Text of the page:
Human Chain
Sri Lankan lifesaving volunteers form a human chain as they take part in a simulated rescue of a drowning swimmer on a beach at Negombo, north of Colombo, June 23, 2007. Getty Images/Lakruwan Wanniarachchi

Humans can accomplish a lot if they just work together. A husband-wife duo from Florida led by example on Saturday when they urged nearly 80 strangers to form a human chain into the ocean to save a group of swimmers caught in a rip current at Panama City Beach.

Derek Simmons, 26, and his wife, Jessica Simmons, 29, demonstrated presence of mind when they spotted nine swimmers struggling to stay afloat off the coast. The couple was at the beach for dinner. Jessica immediately grabbed hold of a discarded boogie board and began swimming towards the trapped swimmers while her husband stayed behind to gather beachgoers to form a human chain.

Here is the video of the incident posted by Inside Edition.

More and more people joined hands and created a long chain. A couple of young boys and a few adults swam in the ocean to help out the youngsters. The incident happened around 6.30 p.m. EDT, and the lifeguards had left for the day. The people who initially tried saving the boys were also caught up in the unruly waves.

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"We grabbed the kids and tried to start swimming in and it just kept pulling us back," Brittany Monroe, one of the swimmers who tried to help the drowning boys told ABC News. "The water was really strong [on Saturday] but where we were it wasn’t pulling us. When we got to where the kids were, that's when we realized we were stuck."

The human chain grew from five people to 80 people and saved the day. Derek said the gesture of the people coming together to form the chain proved humans had the ability to come together at a time of distress despite the differences and intolerances.

“A lot of people were like, ‘There’s no way we’re getting in the water, we’re going to get swept out,’ but I guess they just swallowed the pride pill and they just got in,” Derek said. “It was pretty amazing stuff for it to be different races, different genders, different ages; everybody got together to help.”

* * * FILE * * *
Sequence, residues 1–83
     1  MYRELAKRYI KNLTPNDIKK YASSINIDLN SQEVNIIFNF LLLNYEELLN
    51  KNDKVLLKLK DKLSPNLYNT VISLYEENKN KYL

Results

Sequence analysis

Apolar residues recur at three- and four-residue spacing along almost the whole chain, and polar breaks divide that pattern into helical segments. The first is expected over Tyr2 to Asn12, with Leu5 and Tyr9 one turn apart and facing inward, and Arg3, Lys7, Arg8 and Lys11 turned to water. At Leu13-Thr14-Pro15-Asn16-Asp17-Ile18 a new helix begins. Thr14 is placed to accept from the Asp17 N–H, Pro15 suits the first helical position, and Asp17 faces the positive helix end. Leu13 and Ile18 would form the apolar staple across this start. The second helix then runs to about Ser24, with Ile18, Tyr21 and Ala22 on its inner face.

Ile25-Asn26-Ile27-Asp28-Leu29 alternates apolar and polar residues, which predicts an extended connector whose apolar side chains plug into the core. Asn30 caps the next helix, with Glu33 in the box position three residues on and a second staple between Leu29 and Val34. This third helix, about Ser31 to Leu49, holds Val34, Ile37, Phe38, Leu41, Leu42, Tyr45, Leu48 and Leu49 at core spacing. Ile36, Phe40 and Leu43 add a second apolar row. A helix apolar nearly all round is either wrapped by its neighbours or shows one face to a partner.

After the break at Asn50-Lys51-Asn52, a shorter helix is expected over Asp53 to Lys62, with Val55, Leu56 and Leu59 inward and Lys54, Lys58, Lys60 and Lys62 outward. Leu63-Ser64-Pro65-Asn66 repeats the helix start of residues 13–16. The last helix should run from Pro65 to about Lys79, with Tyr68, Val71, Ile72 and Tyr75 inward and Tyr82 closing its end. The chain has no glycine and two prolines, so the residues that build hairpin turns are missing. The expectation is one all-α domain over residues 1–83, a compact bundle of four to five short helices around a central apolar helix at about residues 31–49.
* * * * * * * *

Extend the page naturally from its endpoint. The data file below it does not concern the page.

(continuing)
Derek said he thought of using the particular technique because it has already been proven effective in the animal kingdom and is frequently used by ants. “The only thing that popped into my mind was if you’ve ever watched ants, when one of their babies is in trouble and can’t move, they start making a chain in order to pass them down the line to get them to safety,” he said. “That’s the only thing I was thinking of, if we’re arm to arm, we can get them.”

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Ants are known to make use of “daisy chains” in different situations — to save their comrades from the harm’s way, transport their buddies’ dead bodies back home or even carry back food that is far greater than their body weight. Ants can be seen building chains to transport a millipede back to their nest in this video, posted by a channel Capsul Tube.

Apart from the chains, ants have been known to form make-shift rafts in minutes by linking their legs and mouths together in order to stay afloat when their homes are flooded by heavy rains. They even have a hierarchy system in place for such events. The queen ant, along with her larvae, sits at the center, on top of the mass of bodies so that they can stay safe and dry, National Geographic reported.

However, human chains are mostly used to register protest or solidarity during a crisis and rarely for survival, unlike ants.

Human Chain
People standing along the Elbe River across from the historic Dresden city center link hands to create a human chain in commemoration of the 70th anniversary of the Allied firebombing of Dresden in Dresden, Germany, Feb. 13, 2015. Getty Images/ Nurcholis Anhari Lubis